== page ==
Following the inquest, on 5 April 2019 the Charity Commission opened a statutory inquiry into RPFI. The inquiry is ongoing.

 The family of Sophie Bennett said: "This week is the 3 year anniversary of our precious daughter Sophie’s death. We welcome the CQC’s announcement today that it is to bring criminal charges against RPFI and the manager of Lancaster Lodge at the time Peggy Jhugroo.

It has been a constant battle to get to the truth of what happened. The Coroner’s Inquest finally took place in January this year and it revealed, at last, the sequence of events leading to Sophie’s death. The Inquest Jury’s findings were damning of the actions of those responsible for running and managing the home.

Evidence through the course of the inquest also revealed the extent to which the founder of the charity Elly Jansen OBE had been allowed to instigate and direct, from the shadows, the reckless changes in the way the home was run. So, whilst we welcome the CQC’s action, we are extremely disappointed that they have decided not to prosecute Elly Jansen OBE. It is clearly evident that she was acting as a shadow director and we consider her conduct to be criminally culpable.

The Charity Commission recently announced its formal Inquiry and we will now need to rely on it to scrutinise and expose what we believe to be the gross failures in the governance including the control and direction of the organisation by Elly Jansen OBE and what we consider to be her financial conflicts of interest.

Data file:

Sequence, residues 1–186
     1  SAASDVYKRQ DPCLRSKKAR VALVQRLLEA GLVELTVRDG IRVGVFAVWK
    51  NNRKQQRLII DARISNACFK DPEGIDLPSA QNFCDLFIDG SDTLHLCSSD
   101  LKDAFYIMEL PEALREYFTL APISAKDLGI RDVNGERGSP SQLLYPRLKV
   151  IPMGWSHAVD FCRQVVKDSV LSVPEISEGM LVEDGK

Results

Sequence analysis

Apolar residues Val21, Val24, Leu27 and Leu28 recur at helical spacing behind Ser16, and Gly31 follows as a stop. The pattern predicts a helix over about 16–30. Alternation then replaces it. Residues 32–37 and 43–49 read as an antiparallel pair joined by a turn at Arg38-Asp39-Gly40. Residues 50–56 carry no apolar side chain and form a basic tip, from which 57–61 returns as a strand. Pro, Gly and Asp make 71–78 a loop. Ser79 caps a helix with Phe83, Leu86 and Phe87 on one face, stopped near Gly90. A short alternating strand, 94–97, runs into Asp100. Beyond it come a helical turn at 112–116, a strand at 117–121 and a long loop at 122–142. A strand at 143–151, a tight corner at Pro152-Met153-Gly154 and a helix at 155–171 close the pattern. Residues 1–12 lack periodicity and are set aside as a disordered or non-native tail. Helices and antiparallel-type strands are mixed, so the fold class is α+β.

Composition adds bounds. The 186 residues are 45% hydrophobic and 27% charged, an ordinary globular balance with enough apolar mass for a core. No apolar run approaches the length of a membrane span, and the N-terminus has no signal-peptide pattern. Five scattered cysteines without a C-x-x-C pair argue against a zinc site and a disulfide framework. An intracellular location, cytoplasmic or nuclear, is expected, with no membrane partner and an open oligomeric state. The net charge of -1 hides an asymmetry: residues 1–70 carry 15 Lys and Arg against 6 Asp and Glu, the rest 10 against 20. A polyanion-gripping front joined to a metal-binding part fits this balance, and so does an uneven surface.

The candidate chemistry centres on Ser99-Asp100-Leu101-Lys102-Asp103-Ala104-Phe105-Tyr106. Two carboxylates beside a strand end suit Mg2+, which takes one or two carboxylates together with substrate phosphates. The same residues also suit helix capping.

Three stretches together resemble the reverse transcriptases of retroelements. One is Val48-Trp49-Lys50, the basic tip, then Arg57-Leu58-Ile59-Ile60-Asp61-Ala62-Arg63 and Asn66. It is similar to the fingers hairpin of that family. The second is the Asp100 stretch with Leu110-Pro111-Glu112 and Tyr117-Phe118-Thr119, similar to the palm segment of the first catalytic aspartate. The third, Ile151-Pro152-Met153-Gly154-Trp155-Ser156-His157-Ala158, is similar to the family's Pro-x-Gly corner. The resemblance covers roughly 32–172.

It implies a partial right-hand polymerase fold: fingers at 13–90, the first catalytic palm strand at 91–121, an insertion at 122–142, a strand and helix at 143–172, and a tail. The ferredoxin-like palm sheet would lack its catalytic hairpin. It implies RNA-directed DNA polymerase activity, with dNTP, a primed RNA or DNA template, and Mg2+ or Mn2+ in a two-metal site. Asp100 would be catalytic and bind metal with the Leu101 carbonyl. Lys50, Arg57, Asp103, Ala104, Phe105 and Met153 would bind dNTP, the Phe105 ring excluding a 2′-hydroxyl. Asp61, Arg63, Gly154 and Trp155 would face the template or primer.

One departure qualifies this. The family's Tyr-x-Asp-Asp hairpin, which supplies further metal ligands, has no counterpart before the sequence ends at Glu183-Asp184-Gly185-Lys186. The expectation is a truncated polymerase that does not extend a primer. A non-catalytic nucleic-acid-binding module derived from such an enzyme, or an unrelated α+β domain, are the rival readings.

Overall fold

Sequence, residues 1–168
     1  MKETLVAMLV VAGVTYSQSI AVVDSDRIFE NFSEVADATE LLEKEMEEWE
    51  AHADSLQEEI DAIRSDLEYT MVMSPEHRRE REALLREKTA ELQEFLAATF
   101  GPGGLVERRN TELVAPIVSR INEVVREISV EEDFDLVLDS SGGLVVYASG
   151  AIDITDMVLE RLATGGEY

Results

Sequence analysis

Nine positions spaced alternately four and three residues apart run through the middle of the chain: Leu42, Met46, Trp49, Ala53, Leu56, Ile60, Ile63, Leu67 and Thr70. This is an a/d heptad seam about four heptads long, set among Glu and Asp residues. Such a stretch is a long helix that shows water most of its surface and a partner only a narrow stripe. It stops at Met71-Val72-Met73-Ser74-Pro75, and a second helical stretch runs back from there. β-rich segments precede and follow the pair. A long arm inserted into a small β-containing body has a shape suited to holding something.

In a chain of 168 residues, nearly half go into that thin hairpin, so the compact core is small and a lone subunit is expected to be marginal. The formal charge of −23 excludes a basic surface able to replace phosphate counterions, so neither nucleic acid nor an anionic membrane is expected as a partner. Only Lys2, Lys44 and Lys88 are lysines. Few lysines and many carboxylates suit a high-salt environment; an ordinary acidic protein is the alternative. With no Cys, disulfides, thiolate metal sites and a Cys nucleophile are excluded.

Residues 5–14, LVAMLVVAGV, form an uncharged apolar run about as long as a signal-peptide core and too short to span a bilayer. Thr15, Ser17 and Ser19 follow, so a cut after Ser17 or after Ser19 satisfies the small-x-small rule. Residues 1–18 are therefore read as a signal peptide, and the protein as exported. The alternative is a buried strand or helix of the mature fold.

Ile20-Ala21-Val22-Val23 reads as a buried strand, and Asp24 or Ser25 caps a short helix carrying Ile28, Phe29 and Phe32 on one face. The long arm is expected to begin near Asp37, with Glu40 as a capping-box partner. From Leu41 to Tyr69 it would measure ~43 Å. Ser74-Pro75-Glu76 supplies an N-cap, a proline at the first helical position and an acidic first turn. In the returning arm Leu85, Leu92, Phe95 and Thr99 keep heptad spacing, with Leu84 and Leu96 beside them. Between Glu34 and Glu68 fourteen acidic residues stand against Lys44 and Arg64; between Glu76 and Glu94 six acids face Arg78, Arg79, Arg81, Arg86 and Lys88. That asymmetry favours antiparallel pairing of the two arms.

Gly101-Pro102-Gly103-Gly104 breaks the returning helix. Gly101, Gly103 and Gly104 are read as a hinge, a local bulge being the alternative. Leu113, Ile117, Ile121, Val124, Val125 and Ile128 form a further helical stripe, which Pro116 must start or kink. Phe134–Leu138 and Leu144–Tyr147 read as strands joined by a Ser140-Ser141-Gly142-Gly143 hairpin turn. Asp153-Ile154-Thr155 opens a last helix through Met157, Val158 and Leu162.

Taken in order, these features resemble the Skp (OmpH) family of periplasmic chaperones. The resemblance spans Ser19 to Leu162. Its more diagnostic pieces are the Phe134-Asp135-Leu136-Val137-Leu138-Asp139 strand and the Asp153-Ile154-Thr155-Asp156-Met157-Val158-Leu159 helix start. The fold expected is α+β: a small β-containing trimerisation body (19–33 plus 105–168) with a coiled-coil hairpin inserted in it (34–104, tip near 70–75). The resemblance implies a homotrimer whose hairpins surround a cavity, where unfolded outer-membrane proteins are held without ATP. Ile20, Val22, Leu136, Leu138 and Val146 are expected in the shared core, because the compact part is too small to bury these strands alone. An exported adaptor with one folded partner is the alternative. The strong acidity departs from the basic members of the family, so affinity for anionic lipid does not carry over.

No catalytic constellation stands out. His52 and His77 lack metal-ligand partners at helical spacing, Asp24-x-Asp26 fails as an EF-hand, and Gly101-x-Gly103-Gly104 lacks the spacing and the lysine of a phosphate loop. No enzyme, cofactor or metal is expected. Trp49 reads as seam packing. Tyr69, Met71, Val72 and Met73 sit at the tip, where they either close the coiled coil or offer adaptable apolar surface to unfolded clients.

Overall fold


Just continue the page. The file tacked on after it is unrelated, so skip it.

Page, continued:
Deborah Coles, Director of INQUEST, said:

“That a man in charge of the care of a young woman in crisis could simply choose to not turn up to give evidence in connection to her death is truly shocking. We welcome the coroner’s decision to take action today, which sets an important precedent.

Sophie’s inquest exposed seriously unsafe systems of care and treatment, and a shocking lack of oversight and action on known issues. The CQC’s long awaited decision today to prosecute the providers of this care is welcome. We hope this will send a message to providers that those involved in potentially criminally unsafe standards of care will be held to account.”

Rachel Harger, of Bindmans LLP said: